April 21, 2014
When Clare Rourke woke up one morning March of last year with a sore toe, she didn’t worry too much about it. She, her husband and their three daughters were living in Yogyakarta, Indonesia, for a few months as part of a family year abroad. She and her husband had traveled widely — through India, the Middle East and South America — and had never been seriously ill. And they took necessary precautions, making sure everyone in the family received the recommended vaccinations.
But by the middle of that day, Rourke was sicker than she had ever been before. “I hurt in so many places — my feet, hand, wrists, ankles, elbows, knees,” she says. “I actually remember thinking that I just might die.” Her joints were so swollen, hot and painful that she couldn’t rest her elbows on the bed. Her temperature rose to 104 degrees. “I felt like something was attacking me and I was seriously losing the fight,” she says. That night, two of her daughters also became achy and feverish, and within a few days, all three had rashes on their hands, legs and arms. They were infected with chikungunya, a virus originally from Central Africa.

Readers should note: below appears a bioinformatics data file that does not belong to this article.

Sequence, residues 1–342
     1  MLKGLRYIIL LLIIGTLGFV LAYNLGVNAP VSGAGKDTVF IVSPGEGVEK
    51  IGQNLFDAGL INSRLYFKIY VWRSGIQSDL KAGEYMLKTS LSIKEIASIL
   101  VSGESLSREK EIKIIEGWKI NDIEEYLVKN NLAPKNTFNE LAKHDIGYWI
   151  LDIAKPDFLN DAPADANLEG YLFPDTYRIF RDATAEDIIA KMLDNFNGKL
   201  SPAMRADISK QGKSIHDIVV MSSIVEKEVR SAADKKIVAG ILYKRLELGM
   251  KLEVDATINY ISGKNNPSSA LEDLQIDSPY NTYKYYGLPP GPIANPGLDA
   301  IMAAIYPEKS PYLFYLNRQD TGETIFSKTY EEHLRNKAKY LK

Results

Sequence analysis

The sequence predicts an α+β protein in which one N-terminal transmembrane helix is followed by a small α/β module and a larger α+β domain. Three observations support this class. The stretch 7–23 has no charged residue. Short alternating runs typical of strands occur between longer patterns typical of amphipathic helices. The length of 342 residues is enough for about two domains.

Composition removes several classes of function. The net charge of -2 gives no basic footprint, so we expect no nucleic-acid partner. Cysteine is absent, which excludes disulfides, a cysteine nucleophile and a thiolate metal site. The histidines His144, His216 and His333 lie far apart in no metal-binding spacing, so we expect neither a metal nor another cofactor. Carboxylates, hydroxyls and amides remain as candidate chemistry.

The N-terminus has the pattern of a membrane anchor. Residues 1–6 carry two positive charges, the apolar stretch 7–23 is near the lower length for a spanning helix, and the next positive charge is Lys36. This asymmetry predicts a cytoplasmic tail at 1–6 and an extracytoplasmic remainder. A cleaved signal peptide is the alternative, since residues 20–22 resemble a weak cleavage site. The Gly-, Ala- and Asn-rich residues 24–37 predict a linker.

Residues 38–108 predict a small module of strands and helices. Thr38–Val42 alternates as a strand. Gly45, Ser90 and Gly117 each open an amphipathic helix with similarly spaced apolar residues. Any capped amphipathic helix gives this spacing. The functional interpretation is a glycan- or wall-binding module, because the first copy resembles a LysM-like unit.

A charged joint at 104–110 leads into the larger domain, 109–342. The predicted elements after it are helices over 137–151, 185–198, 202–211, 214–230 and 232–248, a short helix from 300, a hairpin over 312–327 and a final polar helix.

The virus, transmitted by mosquito bites, was rampaging through Yogyakarta — part of an outbreak that has stretched across the Indian Ocean, India and Southeast Asia since 2005. Now it is roaring through the Western Hemisphere. In December 2013, the first locally transmitted case of chikungunya in the Americas was identified on the Caribbean island of St. Martin. As of mid-April, more than 25,000 cases had been reported across the region, from the Dominican Republic to French Guiana, on the northeast coast of South America.